4 Ways to Pay Off Debt (That Aren’t Snowball or Avalanche) 

4 Ways to Pay Off Debt (That Aren't Snowball or Avalanche) 

Consider these methods for paying down your high-interest debt.

Do one thing: Set aside an hour and take a look at your last two months of financial statements. Review credit card expenses and checking account expenditures to see where your money is going. 

Debt Weighing Heavy on Americans

High-interest debt is crushing millions of Americans every single month. And if it feels like the problem is getting worse, that’s because it is. While the debt owed by U.S. residents has risen to historic levels, the ability for consumers to pay it off is – you guessed it – also lagging.  

A new study from TransUnion shows that median minimum monthly debt payments increased by a whopping 32% in just three years – between 2020 and 2023 – trouncing the rate of inflation (which was 18%) during that time, according to the report. 

Remember, making minimum payments isn’t recommended if you can help it because it will keep you in debt much longer than if you pay more than the minimum. Paying credit card balances off completely by the end of your grace period is even better for your bottom line.

Strategies for Tackling Debt

Back in 2004 – two decades ago now – I first published the book “Pay it Down: From Debt to Wealth on $10 a Day.” Even though things cost more now, the idea is the same. By making small permanent changes in your daily routines – like skipping an overpriced fast food meal or canceling a clothing or streaming subscription – you can begin to save money on non-necessities to get out of debt and build a better life. 

And when I say debt, I mean the kind hanging over your head from high-interest credit cards. Other types of lower-interest debt, such as what you pay monthly on a mortgage or for your education, aren’t in the same category as the little pieces of plastic you carry in your wallet. If you’re ready to feel better (and sleep more soundly) consider these methods for paying off debt.


I really like micropayments as a way to build momentum and continuously chip away at credit card debt. How do they work? Instead of making one monthly payment, you can send in several smaller payments during your billing cycle. 

Automatic Micropayments. To make it easy on yourself, set up automatic transfers from your checking account every two weeks, which means you’ll end up paying 26 times a year instead of 12. Increasing the number of payments will help you pay less in interest and pay down your debt even faster.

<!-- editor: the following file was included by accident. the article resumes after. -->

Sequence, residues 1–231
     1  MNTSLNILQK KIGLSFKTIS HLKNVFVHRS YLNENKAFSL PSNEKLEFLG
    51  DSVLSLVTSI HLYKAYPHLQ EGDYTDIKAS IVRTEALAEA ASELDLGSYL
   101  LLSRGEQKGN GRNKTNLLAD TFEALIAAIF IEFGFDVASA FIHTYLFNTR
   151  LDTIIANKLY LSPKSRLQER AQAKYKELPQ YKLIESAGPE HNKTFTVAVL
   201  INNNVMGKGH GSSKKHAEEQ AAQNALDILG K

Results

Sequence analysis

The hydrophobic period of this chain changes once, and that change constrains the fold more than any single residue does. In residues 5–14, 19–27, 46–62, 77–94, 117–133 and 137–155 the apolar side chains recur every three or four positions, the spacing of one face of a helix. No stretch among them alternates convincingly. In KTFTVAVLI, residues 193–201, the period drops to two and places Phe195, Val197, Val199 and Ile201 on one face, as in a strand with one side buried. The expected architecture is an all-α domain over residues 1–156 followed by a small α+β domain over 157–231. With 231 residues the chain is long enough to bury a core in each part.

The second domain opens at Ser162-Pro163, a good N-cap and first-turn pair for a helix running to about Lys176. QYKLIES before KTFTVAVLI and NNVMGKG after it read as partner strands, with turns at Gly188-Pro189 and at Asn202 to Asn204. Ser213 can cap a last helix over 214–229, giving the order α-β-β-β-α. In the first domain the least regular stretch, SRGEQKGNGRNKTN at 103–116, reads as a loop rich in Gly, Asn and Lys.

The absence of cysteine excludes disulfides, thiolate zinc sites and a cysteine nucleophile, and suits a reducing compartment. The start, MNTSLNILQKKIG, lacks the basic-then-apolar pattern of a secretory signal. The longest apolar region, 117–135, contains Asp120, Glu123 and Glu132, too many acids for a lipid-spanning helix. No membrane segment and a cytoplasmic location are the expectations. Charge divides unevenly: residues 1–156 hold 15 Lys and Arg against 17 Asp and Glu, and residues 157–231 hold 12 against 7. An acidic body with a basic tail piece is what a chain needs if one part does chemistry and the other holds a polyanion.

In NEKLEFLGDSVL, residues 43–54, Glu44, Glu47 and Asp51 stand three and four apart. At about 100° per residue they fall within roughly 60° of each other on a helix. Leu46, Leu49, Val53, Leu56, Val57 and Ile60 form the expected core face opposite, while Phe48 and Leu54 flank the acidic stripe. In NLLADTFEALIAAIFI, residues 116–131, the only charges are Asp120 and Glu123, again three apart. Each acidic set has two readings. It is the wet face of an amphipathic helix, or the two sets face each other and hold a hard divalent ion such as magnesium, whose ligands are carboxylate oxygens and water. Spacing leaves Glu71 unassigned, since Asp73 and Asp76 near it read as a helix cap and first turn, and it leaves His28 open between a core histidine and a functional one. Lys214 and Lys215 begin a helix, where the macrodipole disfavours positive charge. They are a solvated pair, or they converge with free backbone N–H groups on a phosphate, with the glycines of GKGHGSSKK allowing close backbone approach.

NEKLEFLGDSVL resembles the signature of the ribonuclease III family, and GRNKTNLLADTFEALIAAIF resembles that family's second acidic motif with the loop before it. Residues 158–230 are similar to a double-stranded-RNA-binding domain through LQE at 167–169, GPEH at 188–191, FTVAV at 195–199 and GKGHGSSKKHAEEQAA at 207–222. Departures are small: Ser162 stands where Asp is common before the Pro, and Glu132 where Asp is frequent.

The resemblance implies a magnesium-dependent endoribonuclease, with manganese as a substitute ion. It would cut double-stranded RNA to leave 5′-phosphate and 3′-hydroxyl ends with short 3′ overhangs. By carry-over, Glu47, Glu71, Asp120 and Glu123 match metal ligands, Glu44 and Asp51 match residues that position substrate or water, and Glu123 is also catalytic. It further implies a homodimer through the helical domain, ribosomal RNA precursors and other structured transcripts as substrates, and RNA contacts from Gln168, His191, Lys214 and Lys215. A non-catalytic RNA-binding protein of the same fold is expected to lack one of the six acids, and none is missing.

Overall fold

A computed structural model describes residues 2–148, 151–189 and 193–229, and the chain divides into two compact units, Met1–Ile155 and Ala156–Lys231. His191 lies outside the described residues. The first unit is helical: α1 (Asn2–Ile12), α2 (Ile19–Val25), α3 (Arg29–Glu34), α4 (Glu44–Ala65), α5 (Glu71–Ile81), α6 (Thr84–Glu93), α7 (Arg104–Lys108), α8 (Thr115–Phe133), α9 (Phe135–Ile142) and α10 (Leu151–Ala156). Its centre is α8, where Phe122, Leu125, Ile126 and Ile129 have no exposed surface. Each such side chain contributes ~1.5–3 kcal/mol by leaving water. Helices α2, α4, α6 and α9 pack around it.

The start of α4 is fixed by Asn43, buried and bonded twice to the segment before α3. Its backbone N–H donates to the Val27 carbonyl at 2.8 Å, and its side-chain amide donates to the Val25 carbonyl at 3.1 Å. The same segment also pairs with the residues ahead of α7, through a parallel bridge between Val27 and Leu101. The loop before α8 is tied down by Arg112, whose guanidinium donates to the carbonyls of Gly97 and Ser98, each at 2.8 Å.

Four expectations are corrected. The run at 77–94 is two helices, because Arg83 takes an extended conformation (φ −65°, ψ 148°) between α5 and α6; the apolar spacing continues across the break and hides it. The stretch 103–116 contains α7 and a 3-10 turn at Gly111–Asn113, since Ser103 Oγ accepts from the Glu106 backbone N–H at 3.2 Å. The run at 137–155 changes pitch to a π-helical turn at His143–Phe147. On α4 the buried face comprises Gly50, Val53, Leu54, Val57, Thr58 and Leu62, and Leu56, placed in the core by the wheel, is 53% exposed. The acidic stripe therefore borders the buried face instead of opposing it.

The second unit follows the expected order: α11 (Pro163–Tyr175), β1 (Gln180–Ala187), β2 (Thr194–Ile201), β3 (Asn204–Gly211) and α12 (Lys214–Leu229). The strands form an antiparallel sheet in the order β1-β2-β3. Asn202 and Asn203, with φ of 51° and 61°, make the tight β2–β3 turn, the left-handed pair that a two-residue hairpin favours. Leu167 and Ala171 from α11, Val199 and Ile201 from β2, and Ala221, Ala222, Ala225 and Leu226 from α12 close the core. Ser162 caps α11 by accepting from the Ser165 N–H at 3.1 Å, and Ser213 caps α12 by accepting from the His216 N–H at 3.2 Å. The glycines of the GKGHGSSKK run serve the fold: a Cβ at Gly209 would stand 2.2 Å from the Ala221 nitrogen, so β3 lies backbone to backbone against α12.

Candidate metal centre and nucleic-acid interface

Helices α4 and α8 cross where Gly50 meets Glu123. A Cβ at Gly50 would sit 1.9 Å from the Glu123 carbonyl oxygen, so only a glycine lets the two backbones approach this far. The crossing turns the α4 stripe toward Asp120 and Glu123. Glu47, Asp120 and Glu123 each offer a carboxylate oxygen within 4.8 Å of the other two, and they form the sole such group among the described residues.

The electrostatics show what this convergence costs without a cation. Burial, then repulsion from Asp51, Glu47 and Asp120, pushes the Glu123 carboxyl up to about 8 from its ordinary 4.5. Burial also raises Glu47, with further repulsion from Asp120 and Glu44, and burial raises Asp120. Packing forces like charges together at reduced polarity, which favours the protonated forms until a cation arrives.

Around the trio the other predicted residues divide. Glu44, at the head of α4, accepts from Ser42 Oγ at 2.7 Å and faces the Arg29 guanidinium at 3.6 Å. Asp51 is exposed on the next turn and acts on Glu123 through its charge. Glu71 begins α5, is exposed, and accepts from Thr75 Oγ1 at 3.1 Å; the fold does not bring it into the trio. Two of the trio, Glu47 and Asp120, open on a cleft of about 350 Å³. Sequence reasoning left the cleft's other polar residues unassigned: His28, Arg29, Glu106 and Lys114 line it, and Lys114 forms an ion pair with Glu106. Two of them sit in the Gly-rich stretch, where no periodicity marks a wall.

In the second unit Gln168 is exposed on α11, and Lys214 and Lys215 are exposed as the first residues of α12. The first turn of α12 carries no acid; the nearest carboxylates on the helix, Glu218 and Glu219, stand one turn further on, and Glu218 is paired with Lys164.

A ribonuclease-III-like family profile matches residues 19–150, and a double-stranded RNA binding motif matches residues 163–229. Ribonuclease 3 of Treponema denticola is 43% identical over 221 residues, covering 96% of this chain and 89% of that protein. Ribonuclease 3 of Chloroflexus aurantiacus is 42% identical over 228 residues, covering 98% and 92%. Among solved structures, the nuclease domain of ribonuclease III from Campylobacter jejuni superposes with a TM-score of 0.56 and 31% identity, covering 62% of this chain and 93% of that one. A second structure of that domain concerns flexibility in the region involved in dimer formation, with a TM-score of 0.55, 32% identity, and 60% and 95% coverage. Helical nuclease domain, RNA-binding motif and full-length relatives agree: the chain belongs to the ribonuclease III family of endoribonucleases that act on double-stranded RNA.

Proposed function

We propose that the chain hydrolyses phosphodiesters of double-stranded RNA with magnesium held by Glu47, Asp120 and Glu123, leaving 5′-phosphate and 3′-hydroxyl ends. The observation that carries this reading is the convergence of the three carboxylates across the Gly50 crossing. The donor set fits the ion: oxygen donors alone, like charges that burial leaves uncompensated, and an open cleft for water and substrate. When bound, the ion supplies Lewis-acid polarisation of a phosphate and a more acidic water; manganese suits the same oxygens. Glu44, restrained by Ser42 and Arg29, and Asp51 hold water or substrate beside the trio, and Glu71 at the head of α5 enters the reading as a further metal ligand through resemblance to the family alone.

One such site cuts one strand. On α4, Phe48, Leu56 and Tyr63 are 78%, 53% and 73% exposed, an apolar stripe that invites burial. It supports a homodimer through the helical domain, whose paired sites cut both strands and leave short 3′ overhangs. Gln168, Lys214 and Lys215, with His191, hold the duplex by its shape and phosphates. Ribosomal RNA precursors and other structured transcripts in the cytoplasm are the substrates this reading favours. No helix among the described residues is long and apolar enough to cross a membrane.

Balance Transfers

Have you received any credit offers lately (maybe by mail or financial app) with low or zero introductory rates? This could be your opportunity to move some of your high-interest debt over to a card with a much lower rate. Just be sure to read the fine print and pay on time every time. If you are late with even one payment chances are the introductory offer will vanish right along with your savings.  

The Blizzard Method

What’s the blizzard method? Consider it a hybrid of two more well-known debt payoff plans: the snowball and the avalanche.

Here’s how it works:

  1. You start with the snowball method, which means paying off your lowest credit card debt first. This gives you a quick psychological boost, which researchers say many people need to keep going.
  2. After you have a few zero balance cards under your belt, switch to the avalanche method. That’s where you pay off the card with the highest interest rate, which saves you more money. (You also need to keep making at least the minimum payment on any other cards as you do this.)
  3. When the highest-interest credit card balance is paid in full, rinse and repeat until all of your credit card bills are paid off.

Do The Hustle (A Side Hustle) 

Sometimes, you really can’t squeeze any more savings from your monthly budget. If you’re already doing the following:

  • Rarely eat out
  • Carpool
  • Drive an older car
  • Know where every penny is going

it could be time to consider taking on some extra work to pay down your debt. 

Monetize Your Hobbies. If you have time, take a look at your hobbies and interests to see what might be fun and profitable. Love animals? A pet-sitting or dog-walking side job might be just the ticket. Whatever you choose to do, make sure to funnel all of your extra funds into paying off the credit card debt. You won’t regret it!

With reporting by Casandra Andrews

Jean Chatzky

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